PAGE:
- Par bake in sealed oven. Pour the thin batter into the crust. Bake for 25-30 minutes until mostly set.
- Par bake in ajar oven. Turn off the oven, rotate the pie, and crack the oven door open. Let the pie continue to set in the residual heat for 20 minutes.
- Cool Pie & Serve. Remove the pie from the oven and cool at room temperature for 1.5-2 hours before serving. For best results, chill in the fridge overnight.
Lemon Whipped Cream:
- Whip ingredients & Serve. To make lemon whipped cream, whip heavy cream, powdered sugar, lemon zest, and salt until stiff peaks form. Serve slices of buttermilk chess pie with a dollop of freshly whipped cream.
Meiko’s Pro Recipe Tips
- Use room temperature ingredients for best results.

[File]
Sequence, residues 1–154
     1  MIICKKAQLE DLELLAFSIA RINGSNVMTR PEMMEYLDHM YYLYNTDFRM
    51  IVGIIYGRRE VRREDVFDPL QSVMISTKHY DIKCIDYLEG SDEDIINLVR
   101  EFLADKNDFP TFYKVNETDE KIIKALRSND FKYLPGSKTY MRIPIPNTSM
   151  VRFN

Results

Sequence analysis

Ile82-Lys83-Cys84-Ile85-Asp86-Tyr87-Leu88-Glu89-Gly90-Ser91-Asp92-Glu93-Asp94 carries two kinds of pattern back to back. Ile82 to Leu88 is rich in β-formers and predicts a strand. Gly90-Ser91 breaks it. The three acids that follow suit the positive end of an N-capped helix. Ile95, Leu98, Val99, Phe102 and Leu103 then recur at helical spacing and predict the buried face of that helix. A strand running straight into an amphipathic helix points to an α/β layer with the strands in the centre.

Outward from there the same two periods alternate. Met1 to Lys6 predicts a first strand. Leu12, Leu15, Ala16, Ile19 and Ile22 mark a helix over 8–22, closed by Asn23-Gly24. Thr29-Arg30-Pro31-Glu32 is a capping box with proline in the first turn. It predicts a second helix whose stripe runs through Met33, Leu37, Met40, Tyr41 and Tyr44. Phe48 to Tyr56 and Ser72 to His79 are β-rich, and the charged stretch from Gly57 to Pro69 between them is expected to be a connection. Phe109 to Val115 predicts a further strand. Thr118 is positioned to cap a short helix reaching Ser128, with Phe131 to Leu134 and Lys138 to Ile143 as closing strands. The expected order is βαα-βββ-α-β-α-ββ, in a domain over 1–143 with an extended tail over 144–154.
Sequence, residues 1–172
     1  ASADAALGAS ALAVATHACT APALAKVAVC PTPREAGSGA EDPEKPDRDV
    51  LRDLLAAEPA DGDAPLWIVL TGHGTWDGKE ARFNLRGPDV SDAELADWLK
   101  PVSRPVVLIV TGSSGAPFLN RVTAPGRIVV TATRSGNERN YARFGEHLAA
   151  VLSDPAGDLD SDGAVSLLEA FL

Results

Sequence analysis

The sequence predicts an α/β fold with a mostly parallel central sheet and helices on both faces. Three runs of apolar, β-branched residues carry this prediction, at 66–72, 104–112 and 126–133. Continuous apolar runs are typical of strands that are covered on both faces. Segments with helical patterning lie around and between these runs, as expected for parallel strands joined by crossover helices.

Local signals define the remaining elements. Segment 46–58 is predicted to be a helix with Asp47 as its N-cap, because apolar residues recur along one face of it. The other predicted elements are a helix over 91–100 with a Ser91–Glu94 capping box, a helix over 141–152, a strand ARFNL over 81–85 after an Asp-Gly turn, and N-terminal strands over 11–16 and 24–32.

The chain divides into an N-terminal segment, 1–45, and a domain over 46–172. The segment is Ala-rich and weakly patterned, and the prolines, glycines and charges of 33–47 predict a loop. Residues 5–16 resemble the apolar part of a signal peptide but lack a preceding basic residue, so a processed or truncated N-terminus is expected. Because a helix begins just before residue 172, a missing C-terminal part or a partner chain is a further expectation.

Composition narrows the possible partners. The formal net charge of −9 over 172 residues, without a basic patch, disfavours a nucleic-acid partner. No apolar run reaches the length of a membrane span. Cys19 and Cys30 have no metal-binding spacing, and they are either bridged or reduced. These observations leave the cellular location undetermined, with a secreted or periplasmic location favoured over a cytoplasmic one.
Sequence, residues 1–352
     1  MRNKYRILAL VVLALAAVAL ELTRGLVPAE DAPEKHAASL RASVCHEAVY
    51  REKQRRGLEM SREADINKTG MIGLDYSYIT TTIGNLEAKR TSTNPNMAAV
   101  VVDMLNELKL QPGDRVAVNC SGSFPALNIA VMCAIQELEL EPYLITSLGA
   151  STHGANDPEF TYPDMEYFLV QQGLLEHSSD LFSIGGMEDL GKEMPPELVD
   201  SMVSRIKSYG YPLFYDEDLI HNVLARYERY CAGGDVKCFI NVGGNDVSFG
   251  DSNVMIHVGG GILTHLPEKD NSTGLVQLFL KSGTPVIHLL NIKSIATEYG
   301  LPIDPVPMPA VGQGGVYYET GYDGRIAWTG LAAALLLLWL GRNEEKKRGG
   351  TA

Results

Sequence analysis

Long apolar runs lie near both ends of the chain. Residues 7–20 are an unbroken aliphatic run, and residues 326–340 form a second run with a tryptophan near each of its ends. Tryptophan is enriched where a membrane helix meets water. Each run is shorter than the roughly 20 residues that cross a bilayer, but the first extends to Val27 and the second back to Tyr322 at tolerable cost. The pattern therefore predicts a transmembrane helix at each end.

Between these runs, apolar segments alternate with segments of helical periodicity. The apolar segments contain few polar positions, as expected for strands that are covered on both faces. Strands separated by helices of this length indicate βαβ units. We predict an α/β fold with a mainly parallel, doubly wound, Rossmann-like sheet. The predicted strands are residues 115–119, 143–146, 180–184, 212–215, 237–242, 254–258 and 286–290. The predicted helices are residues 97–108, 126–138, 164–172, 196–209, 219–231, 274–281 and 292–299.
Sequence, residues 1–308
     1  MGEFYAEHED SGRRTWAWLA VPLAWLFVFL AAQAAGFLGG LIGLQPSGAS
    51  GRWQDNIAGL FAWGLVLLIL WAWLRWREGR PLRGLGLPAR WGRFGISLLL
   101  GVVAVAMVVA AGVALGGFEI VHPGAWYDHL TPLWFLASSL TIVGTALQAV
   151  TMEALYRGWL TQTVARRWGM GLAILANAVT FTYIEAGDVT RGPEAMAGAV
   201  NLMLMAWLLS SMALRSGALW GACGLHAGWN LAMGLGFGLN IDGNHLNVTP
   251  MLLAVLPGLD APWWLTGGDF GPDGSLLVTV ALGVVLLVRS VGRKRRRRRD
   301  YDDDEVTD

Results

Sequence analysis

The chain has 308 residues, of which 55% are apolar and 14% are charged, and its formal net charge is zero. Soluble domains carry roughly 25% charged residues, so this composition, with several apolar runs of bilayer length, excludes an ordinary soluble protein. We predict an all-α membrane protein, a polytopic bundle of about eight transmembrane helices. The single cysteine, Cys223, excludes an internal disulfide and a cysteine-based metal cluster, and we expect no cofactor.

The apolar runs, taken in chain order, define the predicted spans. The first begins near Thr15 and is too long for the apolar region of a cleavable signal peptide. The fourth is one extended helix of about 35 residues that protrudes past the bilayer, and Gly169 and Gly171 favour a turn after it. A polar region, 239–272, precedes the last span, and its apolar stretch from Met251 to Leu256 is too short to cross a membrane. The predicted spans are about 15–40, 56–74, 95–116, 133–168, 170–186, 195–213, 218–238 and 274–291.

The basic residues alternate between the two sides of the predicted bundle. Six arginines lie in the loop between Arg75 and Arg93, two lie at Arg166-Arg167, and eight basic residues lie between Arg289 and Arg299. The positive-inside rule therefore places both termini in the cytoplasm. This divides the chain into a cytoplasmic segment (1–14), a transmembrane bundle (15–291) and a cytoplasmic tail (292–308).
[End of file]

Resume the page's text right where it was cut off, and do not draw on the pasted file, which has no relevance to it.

- Use full-fat buttermilk without additives for optimal results. I do not recommend using buttermilk substitutes.
- Lemon can cause the pie to separate into two distinct layers. This is due to the milk solids in the buttermilk reacting to the acidity in the lemons.
- Use a pie crust shield or aluminum foil to prevent the crust from over browning.
- Using a thermometer is strongly recommended when making custards to avoid over-baking.
- All custards need to set by slowly cooling to room temperature before slicing. Failure to do so will result in a runny or loose texture.
- Allow the pie to cool completely before slicing. An overnight chill in the fridge is highly recommend for clean slices.
Super Pro Tip: Baking Custard Pies With The Oven Door Open